If your water smells like rotten eggs, you probably have a sulfur problem. Let’s talk about the root cause of the problem—and the solution.
Where Does It Come From And How Does It Get Into My Water?
That gross, rotten egg smell floating from your faucet, fridge, or glass is a sign of sulfur in your water; specifically, hydrogen sulfide, a byproduct of sulfate-reducing bacteria (SRB) or sulfur bacteria. Hydrogen sulfide is a smelly, colorless gas that affects water smell and taste. You know it the second you smell it.
Hydrogen sulfide gas is found naturally in air and groundwater (like wetlands, marshes, swamps, and even riverbeds), often after sulfate in soil and rock dissolves into these water sources. Plus, it's produced by sewage plants, manure handling operations, natural gas facilities and landfills, tanneries (where animal skin and hides are turned into leather), refineries, and other human processes. That’s why hydrogen sulfide is often associated with human and animal waste—and frankly, smells like such.
Why Is It In My Water?
If you live near a landfill, gas and oil drilling operations, or anywhere where manure is stored or spread (often as fertilizer), your local water supply or distribution system may be more susceptible to sulfur contamination than most. Private wells and well water collected in rural areas are common culprits, however contamination has been detected in public water supplies in multiple states, including Virginia, Ohio, and New Hampshire, all in recent years.
Is It Dangerous?
Obviously, sulfur stinks. And sulfate, another form of sulfur, can even make your water taste bitter. But sulfur can potentially have adverse health effects, even at low levels.
The most common effect associated with hydrogen sulfide and sulfate in water is diarrhea. In other words, sulfur can act like a laxative. And don’t forget: diarrhea can lead to dehydration and other complications.
Meanwhile, hydrogen sulfide, in air, is associated with irritation. Specifically, it’s known to irritate your eyes, nose, and throat. That’s why excessive exposure can lead to symptoms like nausea, dizziness, and wheezing.
But here’s the thing: Similar symptoms can potentially occur from heavy exposure to sulfur in water. The bottom line is, sulfur in your water can affect you—whether you drink it or not.
Sulfur Can Stain & Damage Your Sinks, Toilets, Plumbing, & More
Sulfur can be corrosive to metals throughout your whole house. Sulfur water build-up can tarnish silverware and discolor utensils, plumbing fixtures, and more. Brown, yellow, and sometimes even black stains on your showers, tubs, sinks, clothes, and other household items are often the result of high concentrations of sulfur in your tap water.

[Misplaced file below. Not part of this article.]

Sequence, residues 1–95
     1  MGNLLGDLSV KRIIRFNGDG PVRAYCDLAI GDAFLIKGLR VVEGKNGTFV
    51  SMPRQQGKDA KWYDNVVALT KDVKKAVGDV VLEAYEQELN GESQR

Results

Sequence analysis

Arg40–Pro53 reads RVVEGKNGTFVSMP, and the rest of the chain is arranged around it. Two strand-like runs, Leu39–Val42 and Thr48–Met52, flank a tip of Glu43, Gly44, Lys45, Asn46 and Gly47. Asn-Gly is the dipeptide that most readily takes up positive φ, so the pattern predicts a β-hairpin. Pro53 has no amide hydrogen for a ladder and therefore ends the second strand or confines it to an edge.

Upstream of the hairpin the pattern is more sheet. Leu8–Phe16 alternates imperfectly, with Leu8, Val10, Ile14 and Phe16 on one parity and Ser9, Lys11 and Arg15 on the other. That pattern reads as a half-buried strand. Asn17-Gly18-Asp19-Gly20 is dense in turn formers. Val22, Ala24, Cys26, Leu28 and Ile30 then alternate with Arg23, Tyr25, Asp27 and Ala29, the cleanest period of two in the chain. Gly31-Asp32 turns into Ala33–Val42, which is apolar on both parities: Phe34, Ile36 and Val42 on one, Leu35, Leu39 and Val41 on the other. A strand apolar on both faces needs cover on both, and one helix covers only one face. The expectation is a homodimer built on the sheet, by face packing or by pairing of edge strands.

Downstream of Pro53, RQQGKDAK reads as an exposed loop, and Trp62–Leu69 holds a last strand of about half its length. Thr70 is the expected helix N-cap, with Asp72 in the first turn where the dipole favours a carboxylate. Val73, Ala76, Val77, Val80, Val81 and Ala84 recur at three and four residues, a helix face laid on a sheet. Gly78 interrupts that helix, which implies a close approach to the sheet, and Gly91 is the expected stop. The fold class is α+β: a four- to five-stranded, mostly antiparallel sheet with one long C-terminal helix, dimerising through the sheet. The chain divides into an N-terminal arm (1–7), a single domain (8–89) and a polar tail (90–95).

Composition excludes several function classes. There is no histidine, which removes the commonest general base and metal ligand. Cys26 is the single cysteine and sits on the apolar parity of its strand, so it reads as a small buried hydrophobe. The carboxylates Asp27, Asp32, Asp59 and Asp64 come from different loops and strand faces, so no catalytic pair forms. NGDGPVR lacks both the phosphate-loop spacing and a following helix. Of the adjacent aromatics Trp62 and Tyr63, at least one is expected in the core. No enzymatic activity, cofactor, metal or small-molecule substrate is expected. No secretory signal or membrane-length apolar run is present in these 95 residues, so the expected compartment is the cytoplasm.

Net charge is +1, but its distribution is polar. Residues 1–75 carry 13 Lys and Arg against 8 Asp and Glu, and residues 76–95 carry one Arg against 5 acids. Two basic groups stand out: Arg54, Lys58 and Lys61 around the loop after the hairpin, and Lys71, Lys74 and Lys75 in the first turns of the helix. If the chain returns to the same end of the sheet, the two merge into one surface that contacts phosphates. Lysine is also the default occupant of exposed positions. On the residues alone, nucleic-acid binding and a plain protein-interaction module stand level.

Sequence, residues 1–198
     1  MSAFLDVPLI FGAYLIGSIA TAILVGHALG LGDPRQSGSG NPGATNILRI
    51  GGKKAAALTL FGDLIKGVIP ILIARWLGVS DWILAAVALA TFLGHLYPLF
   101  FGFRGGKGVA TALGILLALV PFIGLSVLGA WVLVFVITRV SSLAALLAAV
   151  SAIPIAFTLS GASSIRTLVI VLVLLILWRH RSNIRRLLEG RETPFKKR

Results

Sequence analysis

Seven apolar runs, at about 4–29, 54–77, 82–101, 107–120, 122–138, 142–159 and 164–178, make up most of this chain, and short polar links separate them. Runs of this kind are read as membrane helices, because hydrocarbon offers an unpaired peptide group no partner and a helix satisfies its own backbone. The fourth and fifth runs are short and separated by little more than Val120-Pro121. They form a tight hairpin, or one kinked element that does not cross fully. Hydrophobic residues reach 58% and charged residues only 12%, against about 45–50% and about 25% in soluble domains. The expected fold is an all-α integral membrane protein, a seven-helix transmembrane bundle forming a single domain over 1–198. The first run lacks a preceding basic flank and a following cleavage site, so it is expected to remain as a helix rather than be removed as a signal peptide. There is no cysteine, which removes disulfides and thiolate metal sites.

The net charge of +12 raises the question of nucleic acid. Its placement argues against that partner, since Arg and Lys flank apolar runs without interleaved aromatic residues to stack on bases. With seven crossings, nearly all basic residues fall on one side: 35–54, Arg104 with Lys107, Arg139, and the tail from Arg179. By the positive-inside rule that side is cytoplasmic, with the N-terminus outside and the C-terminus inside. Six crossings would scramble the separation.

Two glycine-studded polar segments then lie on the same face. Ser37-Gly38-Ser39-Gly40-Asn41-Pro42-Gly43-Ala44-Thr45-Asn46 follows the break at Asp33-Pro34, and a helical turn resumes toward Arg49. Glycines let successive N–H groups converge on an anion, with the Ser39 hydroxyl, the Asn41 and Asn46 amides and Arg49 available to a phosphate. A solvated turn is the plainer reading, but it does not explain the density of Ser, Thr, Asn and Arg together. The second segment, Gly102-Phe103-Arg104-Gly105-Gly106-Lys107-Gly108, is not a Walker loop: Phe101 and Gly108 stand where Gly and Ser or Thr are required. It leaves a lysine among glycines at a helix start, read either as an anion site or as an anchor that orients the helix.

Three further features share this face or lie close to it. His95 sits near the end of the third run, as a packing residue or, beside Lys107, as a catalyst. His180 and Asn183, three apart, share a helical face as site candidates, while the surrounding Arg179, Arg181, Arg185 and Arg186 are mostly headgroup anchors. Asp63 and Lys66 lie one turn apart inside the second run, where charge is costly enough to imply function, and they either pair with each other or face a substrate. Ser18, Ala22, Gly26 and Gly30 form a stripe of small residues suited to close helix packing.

What Will (& Won’t) Help The Sulfur Smell
Wondering what to do? Let’s start with what not to do. A water softener will not help the situation because it does not remove nor neutralize hydrogen sulfide. And leaving a glass of water out before drinking, letting your sink run for a few minutes, and other aeration methods won’t always work either. Instead, we encourage you to self-test your water (see the simple directions below) to determine if you have a contamination issue or a hot water heater issue. Then, we can point you to the proper solution.
How To Get Rid Of Sulfur & That Rotten Egg Odor In 2 Simple Steps
Sulfur is unregulated by the U.S. EPA. Therefore, it can (and does) legally pollute public drinking water supplies because water treatment centers are not required to test for it, let alone remove it. Here’s what you need to do to solve your sulfur problem:
Step 1. “Test” your water.
Is the smell coming from your hot water, cold water, or both?
Complete this tap water test yourself. If the smell only comes from your hot water, it’s likely you’re dealing with a plumbing system issue rather than a water contamination issue.
Specifically, your hot water heater probably has a corroded anode rod. Which means you may need a new, aluminum anode rod to replace the standard, magnesium anode rod battling corrosion inside your water heater tank. Contact a plumber to confirm this is the case, then get professional help from an installer.
Step 2. Filter your water—with the right type of water filter.
If the smell is coming from your hot and cold water, or even just your cold water, then your water is likely contaminated.
Low-cost carbon filters may help with the smell and taste, but they are not powerful enough to remove all forms of sulfur (and hundreds of other dangerous, odorless, colorless, and even tasteless contaminants) at maximum levels.
When it comes to contaminants, one is often a sign of many. That’s why we suggest you filter your water with our advanced water filter pitcher. Our pitcher filter is tested and certified to remove more than 365 contaminants including common forms of sulfur (i.e. sulfate and sulfide) and guarantees the highest water quality.
Tap here to get your Clearly Filtered pitcher, say so long to sulfur, and never drink dirty (or smelly) water again. Cheers!